return AuthenticationResult.createFrom(AuthenticationStatus.SUCCESS);
      }

      If a problem occurs with the received credentials, the authenticator adds an error message to the response and returns CLIENT_INTERACTION_REQUIRED. The client must still supply authentication data.

      else {
          response.setContentType("application/json; charset=UTF-8");
          response.setHeader("Cache-Control", "no-cache, must-revalidate");
          response.getWriter().print("{\"authStatus\":\"required\", \"errorMessage\":\"Please enter username and password\"}");
          return AuthenticationResult.createFrom(AuthenticationStatus.CLIENT_INTERACTION_REQUIRED);
      }

      The isAccessToProtectedResource argument specifies whether an access attempt was made to a protected resource.
      If not, the method returns REQUEST_NOT_RECOGNIZED, which means that the authenticator treatment is not required, and can proceed with the request as is.

      if (!isAccessToProtectedResource)
          return AuthenticationResult.createFrom(AuthenticationStatus.REQUEST_NOT_RECOGNIZED);

      If the request made to a protected resource does not contain authentication data, the authenticator adds an authStatus:required property to the response, and also returns a CLIENT_INTERACTION_REQUIRED status.

      response.setContentType("application/json; charset=UTF-8");
      response.setHeader("Cache-Control", "no-cache, must-revalidate");
      response.getWriter().print("{\"authStatus\":\"required\"}");
      return AuthenticationResult.createFrom(AuthenticationStatus.CLIENT_INTERACTION_REQUIRED);
    • The authenticator getAuthenticationData method is used by a login module to get collected credentials.
      After the authenticated session is established, all requests are transported through the changeResponseOnSuccess and processRequestAlreadyAuthenticated methods. You can use these methods to retrieve data from requests and to update responses.

      public Map<String, Object> getAuthenticationData() {
          logger.info("getAuthenticationData");
          Map<String, Object> authenticationData = new HashMap<String, Object>();
          authenticationData.put("username", username);
          authenticationData.put("password", password);
          return authenticationData;
      }
    • The changeResponseOnSuccess method is called after credentials are successfully validated by the login module. You can use this method to modify the response before you return it to the client. This method must return true if the response was modified. Otherwise, it returns false.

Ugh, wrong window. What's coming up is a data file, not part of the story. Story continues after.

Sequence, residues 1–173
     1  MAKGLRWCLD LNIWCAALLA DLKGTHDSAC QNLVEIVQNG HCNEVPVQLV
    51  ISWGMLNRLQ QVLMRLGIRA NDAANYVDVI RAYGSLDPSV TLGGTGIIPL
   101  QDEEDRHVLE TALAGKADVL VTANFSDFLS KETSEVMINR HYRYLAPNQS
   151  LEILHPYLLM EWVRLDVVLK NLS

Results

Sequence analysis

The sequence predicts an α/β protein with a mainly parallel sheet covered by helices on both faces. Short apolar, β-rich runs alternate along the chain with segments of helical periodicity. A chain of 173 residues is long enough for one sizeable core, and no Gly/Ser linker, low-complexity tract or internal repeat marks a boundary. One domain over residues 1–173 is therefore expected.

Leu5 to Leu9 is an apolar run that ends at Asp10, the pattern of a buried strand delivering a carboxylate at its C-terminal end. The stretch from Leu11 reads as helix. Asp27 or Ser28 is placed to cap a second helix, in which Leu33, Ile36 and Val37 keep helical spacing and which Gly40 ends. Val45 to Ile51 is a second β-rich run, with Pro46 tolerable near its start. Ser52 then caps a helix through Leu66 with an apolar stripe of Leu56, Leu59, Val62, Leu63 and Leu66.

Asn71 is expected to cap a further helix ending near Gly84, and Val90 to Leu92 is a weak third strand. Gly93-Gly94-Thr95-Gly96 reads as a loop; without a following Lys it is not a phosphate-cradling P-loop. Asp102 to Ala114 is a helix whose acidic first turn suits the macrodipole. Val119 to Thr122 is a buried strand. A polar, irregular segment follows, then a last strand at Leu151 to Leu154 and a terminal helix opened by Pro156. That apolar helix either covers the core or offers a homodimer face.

Use it to notify a client application about the authentication success.

      public boolean changeResponseOnSuccess(HttpServletRequest request, HttpServletResponse response) throws IOException {
          if (request.getRequestURI().contains("my_custom_auth_request_url")){
              response.setContentType("application/json; charset=UTF-8");
              response.setHeader("Cache-Control", "no-cache, must-revalidate");
              response.getWriter().print("{\"authStatus\":\"complete\"}");
              return true;
          }
          return false;
      }
    • The processRequestAlreadyAuthenticated method returns AuthenticationResult objects for authenticated requests.

      public AuthenticationResult processRequestAlreadyAuthenticated(HttpServletRequest request, HttpServletResponse response) throws IOException, ServletException {
          return AuthenticationResult.createFrom(AuthenticationStatus.REQUEST_NOT_RECOGNIZED);
      }
    • If the login module returns an authentication failure, the processAuthenticationFailure method is called. This method writes an error message to a response body, and returns the CLIENT_INTERACTION_REQUIRED status.

      public AuthenticationResult processAuthenticationFailure(HttpServletRequest request, HttpServletResponse response,
              String errorMessage) throws IOException, ServletException {
          response.setContentType("application/json; charset=UTF-8");
          response.setHeader("Cache-Control", "no-cache, must-revalidate");
          response.getWriter().print("{\"authStatus\":\"required\", \"errorMessage\":\"" + errorMessage + "\"}");
          return AuthenticationResult.createFrom(AuthenticationStatus.CLIENT_INTERACTION_REQUIRED);
      }

Creating a custom Java login module

API overview

The WorkLightAuthLoginModule API includes the following methods:

  • The init method of the login module is called when the login module instance is created. This method takes the options that are specified in the login module definition of the authenticationConfig.xml file.

    void init(Map<String, String> options)
  • The login method of the login module is used to validate the credentials that are collected by the authenticator.

    boolean login(Map<String, Object> authenticationData)
  • The createIdentity method of the login module is used to create a userIdentity object after validation of the credentials succeeds.

    UserIdentity createIdentity(String loginModule)
  • The logout and abort methods are used to clean up cached data after a logout or authentication aborts.

    void logout()
    void abort()